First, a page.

Theology of the cross : a comparison of Moltmann and Cone's view of the cross as an ecclesiological symbol of hope.

Date of Award


Document Type



Drew Theological School

Degree Name

Master of Arts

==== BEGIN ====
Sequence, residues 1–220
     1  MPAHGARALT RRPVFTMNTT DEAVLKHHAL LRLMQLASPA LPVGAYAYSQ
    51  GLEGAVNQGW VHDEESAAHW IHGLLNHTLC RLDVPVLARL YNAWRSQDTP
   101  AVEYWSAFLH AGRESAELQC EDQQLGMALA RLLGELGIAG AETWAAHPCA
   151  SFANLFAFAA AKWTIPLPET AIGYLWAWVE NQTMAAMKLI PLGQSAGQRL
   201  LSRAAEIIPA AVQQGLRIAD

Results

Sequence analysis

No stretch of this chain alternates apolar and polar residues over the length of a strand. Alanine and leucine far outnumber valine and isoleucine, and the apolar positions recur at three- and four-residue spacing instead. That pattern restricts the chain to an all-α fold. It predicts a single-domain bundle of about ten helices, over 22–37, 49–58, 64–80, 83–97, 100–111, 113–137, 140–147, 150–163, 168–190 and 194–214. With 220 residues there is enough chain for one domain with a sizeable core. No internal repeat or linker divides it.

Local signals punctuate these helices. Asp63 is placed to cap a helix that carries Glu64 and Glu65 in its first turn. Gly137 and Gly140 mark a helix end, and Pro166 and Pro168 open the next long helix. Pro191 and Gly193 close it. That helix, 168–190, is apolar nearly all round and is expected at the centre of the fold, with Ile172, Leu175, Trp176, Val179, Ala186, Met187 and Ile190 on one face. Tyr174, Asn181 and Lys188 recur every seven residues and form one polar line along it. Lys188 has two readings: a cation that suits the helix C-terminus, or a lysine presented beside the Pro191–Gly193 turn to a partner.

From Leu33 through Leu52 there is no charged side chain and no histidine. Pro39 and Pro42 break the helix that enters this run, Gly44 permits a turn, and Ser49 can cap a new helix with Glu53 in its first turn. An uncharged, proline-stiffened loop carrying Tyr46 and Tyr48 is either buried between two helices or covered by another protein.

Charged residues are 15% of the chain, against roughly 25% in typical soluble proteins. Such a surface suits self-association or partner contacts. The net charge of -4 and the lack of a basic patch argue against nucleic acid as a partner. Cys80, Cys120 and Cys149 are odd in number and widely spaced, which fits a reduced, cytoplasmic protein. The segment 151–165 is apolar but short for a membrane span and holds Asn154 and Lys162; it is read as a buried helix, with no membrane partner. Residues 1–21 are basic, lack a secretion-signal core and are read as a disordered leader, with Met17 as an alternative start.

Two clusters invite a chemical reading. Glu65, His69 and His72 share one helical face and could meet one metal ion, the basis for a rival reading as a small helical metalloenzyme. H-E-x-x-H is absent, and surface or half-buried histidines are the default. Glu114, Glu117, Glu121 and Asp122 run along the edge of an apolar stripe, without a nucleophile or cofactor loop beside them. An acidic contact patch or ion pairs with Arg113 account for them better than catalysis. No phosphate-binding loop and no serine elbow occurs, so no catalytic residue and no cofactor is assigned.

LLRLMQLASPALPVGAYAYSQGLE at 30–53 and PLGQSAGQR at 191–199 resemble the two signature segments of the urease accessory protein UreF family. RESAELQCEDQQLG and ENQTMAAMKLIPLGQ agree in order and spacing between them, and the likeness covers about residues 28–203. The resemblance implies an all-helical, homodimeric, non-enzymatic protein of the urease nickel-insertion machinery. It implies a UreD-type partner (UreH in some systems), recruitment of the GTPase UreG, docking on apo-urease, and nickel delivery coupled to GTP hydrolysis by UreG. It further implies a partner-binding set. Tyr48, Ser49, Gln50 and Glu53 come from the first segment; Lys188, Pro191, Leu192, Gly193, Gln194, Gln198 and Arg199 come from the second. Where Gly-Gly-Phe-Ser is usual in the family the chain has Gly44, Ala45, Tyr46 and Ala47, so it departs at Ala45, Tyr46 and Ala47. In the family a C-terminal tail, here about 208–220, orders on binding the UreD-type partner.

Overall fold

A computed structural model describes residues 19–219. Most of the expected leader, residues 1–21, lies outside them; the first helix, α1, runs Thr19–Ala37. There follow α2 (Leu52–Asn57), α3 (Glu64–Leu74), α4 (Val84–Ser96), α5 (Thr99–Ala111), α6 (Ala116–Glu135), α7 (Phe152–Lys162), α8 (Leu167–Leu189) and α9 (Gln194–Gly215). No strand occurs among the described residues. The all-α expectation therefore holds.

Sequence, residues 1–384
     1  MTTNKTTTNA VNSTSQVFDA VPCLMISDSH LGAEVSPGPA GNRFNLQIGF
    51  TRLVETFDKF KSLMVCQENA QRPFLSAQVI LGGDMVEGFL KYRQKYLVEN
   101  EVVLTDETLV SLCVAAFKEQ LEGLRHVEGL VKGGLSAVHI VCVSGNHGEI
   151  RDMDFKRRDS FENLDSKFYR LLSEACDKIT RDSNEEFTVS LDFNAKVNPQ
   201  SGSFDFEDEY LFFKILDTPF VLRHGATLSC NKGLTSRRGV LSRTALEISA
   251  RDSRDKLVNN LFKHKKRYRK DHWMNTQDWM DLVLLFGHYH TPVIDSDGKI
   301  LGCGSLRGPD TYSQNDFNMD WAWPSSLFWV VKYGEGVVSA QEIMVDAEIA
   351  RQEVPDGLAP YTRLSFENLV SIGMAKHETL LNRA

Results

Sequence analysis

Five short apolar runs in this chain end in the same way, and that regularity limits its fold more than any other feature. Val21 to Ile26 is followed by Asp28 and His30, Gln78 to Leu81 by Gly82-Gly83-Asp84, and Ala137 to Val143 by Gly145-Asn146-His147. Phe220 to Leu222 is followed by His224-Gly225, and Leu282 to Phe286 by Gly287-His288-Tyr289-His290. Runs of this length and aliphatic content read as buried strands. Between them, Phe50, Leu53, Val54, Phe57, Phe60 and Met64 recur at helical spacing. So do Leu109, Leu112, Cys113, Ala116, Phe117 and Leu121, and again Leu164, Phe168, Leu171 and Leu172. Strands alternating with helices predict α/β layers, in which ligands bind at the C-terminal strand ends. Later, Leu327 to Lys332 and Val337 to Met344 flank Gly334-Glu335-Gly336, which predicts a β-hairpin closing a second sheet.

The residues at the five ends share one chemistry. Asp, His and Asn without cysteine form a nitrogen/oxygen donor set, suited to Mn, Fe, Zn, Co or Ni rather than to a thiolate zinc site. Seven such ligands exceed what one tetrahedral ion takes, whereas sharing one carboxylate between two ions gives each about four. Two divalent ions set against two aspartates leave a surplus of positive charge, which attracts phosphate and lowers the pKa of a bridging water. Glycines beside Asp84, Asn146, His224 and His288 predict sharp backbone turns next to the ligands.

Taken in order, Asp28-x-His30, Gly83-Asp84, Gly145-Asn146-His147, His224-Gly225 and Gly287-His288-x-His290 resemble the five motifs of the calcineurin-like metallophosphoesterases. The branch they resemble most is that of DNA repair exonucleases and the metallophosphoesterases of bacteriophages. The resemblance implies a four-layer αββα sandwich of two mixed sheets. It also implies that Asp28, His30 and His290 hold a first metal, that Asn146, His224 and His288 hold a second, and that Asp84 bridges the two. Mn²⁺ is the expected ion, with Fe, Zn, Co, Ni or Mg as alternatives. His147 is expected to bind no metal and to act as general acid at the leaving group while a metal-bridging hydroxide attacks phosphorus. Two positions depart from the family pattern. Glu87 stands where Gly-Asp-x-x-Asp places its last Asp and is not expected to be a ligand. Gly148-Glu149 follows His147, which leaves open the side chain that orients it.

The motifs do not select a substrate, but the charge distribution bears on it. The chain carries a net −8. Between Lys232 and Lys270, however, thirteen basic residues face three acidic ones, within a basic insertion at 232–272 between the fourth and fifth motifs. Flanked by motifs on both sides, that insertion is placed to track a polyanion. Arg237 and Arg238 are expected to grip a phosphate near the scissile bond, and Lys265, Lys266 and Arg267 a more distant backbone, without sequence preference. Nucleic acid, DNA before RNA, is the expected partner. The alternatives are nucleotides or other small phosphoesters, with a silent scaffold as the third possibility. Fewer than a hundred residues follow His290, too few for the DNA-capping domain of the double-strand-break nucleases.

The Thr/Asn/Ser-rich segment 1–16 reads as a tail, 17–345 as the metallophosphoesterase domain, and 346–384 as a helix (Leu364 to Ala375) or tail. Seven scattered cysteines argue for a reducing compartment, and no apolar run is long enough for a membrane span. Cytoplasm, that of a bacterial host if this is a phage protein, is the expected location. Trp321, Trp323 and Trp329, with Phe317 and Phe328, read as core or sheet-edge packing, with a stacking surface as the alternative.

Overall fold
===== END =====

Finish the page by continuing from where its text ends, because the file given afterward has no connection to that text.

This work addresses a theology of the cross by comparing the work of Jürgen Moltmann and James Cone in which the cross, despite its association with violence, can be the ultimate symbol of hope for ecclesiology. For Moltmann, the ecclesiological identity hinges on what Christian theology has to say about the suffering and crucifixion of Christ, and its relation to the human suffering. Moltmann moves beyond the anthropological question of "what the death of Christ means for us," to a more theological one of "what does the cross mean for God," and its relation to the human suffering. Cone's theology of the cross is informed by his socio-historical comparison of the cross and the lynching tree. These two symbols of death, affecting Christians' ability to live a more faithful witness, are separated by nearly two thousand years. One is a universal symbol of Christian faith, while the other is the quintessential symbol of black oppression in America. He juxtaposes the cross and the lynching tree as a theological conundrum requiring us to compare and contrast the crucifixion of Jesus with the Black people's lynching as the authenticity of Christian gospel if the church and society are to overcome the racial divide. Despite their differences in analysis, both Moltmann and Cone conclude that the cross can be a symbol of hope for ecclesiology. Thus, for contemporary Christians, the cross can become a symbol not only of sacrificial love but also of overcoming hatred.